Former Gov. Dan Evans joins us on our Common Ground podcast!

Photo courtesy UWWe are thrilled and honored to have former Washington Governor Daniel J. Evans on the Common Ground edition of our Policy Today podcast this week.

It's hard to find enough superlatives to describe Gov. Evans, who's also a former U.S. Senator and state legislator. Ross Anderson called him "quite simply, the best governor in Washington’s history." A man of principle, pragmatism and integrity, he's also an incredibly nice guy who's as enthusiastic about public service as ever.

In this episode we covered as many topics with Gov. Evans as we could (though we hope to talk with him again soon as we only scratched the surface), starting with his magnificent 1968 keynote address to the Republican National Convention. Listen to this podcast, then go read it in its entirety. You'll notice none of us quoted from it directly because if we started we probably wouldn't have been able to stop. We'll simply tease you with this excerpt:

"The protests, the defiance of authority, the violence in the streets are more than isolated attacks upon the established order; they are the symptoms of the need for change and for a redefinition of what this country stands for and where it is going."

(Seriously - after you're done listening to the podcast, go read it.)

Other topics we discussed:

  • His longstanding belief in the importance of the volunteer sector to public life.
  • On proposals for a carbon tax and cap-and-trade program, he believes we can get "a lot more out of incentives than penalties. I'm a skeptic when it comes to carbon taxes and cap and trade. I think we could get a lot further with incentives."
  • On climate change, he says "the argument about whether there is or isn't climate change is the wrong argument. You can still be a skeptic, or convinced" and still come together on policies that are good for the environment. More than two decades ago, as chairman of a National Academy of Sciences panel on global warming, he said, "we looked at all the things that could be done, then ranked them by their cost-benefit ratios. We found that if you did all of those things that had positive cost-benefit ratios, so they were worthwhile doing regardless of climate change, we would be way ahead of any of the goals that we have now set or are trying to set."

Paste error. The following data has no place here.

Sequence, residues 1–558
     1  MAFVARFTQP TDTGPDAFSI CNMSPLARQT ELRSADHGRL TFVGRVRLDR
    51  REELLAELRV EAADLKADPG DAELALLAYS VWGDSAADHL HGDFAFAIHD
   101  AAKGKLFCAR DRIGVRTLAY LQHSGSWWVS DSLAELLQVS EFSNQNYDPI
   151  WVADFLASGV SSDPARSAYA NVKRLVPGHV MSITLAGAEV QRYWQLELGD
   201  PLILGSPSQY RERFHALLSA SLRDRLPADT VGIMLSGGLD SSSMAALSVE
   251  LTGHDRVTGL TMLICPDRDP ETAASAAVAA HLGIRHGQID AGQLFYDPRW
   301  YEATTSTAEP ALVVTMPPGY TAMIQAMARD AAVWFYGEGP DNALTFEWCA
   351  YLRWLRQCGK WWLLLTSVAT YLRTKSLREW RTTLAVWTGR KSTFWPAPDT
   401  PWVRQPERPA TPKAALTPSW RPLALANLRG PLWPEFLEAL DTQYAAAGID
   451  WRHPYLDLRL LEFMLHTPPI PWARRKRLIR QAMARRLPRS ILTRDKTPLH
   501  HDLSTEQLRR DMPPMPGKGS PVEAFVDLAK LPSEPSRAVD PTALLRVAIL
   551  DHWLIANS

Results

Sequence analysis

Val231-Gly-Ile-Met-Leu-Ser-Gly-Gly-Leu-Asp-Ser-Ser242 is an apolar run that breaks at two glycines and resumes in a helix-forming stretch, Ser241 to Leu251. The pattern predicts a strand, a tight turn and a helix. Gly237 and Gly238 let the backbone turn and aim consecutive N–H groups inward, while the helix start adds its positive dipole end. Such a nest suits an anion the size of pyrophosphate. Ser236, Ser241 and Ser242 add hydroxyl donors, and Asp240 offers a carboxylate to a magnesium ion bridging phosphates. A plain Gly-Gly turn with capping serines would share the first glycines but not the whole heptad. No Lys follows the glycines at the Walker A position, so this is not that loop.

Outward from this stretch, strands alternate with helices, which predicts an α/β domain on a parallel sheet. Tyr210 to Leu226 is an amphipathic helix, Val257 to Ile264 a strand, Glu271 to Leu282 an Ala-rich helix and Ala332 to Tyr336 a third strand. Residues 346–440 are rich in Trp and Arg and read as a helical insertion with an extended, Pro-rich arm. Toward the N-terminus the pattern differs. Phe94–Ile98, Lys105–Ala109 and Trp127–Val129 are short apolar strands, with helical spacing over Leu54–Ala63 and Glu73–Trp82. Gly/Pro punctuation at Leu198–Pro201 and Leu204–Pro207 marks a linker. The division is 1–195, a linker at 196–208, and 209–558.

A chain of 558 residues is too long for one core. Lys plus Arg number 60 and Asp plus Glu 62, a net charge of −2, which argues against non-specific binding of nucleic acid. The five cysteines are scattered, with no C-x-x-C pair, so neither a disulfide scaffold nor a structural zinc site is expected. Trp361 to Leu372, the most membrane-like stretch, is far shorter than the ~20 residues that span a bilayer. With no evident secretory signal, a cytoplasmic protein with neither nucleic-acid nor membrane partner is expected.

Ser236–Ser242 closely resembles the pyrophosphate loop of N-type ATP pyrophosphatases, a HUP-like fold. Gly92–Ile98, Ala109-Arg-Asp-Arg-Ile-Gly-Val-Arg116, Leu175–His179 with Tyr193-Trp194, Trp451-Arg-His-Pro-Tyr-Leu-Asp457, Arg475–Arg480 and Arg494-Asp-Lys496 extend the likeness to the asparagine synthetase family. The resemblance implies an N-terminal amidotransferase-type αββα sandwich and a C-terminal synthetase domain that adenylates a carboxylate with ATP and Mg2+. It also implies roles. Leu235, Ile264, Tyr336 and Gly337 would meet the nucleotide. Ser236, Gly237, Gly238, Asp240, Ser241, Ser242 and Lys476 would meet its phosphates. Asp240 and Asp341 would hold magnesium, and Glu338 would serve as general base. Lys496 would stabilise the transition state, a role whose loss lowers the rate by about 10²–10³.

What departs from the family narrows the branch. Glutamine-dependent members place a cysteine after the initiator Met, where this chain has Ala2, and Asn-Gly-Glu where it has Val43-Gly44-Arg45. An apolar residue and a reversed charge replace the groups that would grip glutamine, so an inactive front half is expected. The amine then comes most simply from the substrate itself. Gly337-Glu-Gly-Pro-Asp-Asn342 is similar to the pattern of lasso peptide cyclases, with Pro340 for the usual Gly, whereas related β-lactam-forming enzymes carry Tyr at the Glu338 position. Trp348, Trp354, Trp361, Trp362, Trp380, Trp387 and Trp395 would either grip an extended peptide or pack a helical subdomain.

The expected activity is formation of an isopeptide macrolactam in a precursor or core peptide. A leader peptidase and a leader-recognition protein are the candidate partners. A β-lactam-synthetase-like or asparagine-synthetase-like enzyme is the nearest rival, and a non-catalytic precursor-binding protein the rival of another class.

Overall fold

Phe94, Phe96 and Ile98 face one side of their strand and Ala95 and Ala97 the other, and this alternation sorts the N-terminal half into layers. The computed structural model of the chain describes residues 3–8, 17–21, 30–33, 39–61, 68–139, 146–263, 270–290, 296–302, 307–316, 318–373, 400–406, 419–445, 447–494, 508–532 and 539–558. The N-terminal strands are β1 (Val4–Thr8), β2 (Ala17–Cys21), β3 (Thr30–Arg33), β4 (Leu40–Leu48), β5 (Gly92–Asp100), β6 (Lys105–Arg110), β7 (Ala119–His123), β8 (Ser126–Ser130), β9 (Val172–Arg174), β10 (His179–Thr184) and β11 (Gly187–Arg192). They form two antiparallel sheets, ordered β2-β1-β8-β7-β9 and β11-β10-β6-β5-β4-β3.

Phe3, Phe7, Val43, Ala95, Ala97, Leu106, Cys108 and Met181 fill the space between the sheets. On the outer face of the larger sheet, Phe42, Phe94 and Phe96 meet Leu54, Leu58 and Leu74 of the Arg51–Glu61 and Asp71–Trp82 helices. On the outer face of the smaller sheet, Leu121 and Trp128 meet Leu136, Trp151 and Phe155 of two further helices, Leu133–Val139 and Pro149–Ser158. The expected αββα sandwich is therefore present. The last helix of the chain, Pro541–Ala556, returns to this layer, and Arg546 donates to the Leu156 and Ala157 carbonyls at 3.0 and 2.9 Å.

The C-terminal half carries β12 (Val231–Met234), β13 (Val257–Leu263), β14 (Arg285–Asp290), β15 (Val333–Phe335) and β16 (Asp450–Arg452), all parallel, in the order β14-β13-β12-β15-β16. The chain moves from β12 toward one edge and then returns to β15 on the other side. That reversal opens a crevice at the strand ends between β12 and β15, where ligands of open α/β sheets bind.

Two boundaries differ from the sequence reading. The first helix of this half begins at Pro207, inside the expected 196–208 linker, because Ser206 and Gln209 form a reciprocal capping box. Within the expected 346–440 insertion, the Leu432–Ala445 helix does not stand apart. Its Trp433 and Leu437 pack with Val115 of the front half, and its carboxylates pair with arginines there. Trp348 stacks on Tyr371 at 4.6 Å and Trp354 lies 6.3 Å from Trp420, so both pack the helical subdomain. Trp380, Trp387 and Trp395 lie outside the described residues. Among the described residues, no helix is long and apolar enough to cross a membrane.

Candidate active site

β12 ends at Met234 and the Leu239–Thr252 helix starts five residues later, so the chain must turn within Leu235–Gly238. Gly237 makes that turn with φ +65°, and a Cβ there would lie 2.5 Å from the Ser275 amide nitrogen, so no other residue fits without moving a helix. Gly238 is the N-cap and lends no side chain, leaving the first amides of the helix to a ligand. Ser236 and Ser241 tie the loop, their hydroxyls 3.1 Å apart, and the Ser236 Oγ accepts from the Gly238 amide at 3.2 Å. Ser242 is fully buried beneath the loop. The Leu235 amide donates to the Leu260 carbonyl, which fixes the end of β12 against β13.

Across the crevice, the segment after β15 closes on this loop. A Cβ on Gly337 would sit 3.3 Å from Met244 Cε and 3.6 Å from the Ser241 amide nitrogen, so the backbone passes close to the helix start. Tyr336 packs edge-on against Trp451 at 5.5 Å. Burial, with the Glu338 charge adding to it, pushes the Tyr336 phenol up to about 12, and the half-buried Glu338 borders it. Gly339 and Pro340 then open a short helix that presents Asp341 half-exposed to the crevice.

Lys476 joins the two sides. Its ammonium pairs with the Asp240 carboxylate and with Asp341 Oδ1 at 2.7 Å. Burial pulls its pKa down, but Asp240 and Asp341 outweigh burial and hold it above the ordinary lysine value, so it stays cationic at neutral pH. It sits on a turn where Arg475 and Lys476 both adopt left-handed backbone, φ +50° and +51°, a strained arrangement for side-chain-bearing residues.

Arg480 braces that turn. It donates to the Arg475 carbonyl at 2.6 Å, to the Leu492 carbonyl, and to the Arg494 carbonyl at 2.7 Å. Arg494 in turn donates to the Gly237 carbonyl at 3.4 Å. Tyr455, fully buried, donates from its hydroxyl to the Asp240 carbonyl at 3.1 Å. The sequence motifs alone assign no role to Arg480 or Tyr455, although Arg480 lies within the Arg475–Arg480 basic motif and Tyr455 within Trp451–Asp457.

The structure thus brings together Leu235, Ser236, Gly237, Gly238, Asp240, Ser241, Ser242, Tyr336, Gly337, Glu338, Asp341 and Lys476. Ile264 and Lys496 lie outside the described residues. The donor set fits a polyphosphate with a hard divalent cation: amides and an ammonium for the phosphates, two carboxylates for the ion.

• On the McCleary decision, "the Supreme Court is very close to the edge of legislating rather than adjudicating" and "I think it was unnecessary and probably unwise for them to declare the Legislature in contempt of the court because the deadlines haven't even approached yet."
  • On our state tax system, he says, "I never talked about [just] proposing an income tax. I always talked about tax reform, which included an income tax. But if you just go out and want to pile an income tax on top of whatever we've got now, I think that's wrong."
  • As for the biggest issue at the state level, he believes "the modification, change, modernization – whatever you want to call it – of our school system has to be number one. It’s the most urgent and it’s something we have to do. But I don’t think that it all relates to money."
  • How to improve education? "One of the things I tried to do as governor was to create a Principals Academy. To really focus on the principal – that’s where the school systems ought to have their leadership – it can’t come from central administration. And I think if you really set your goals, and then give the principals and each school a chance to really focus on how they can best spend the money that they’re given, I think we could end up with a lot better educational system."
  • On the importance of building relationships: "The more people know each other, and work together, and see each other, the better chance there is to translate that into legislative action."
  • On the "obscene" amounts of money in modern politics: "Money has really changed things. Money in campaigns is way beyond anything we could’ve remotely conceived of."
  • His sense of optimism in the "bright, younger, really good people who have been elected" to the legislature, with whom he shares a yearly hike and lunch (he's 90; they're under 40!).

To learn more about Dan Evans' extraordinary life, read the state Senate resolution honoring the 50th anniversary of him becoming governor and the UW Daniel J. Evans School of Public Policy and Governance biography, or simply do a web search on his name and be amazed!

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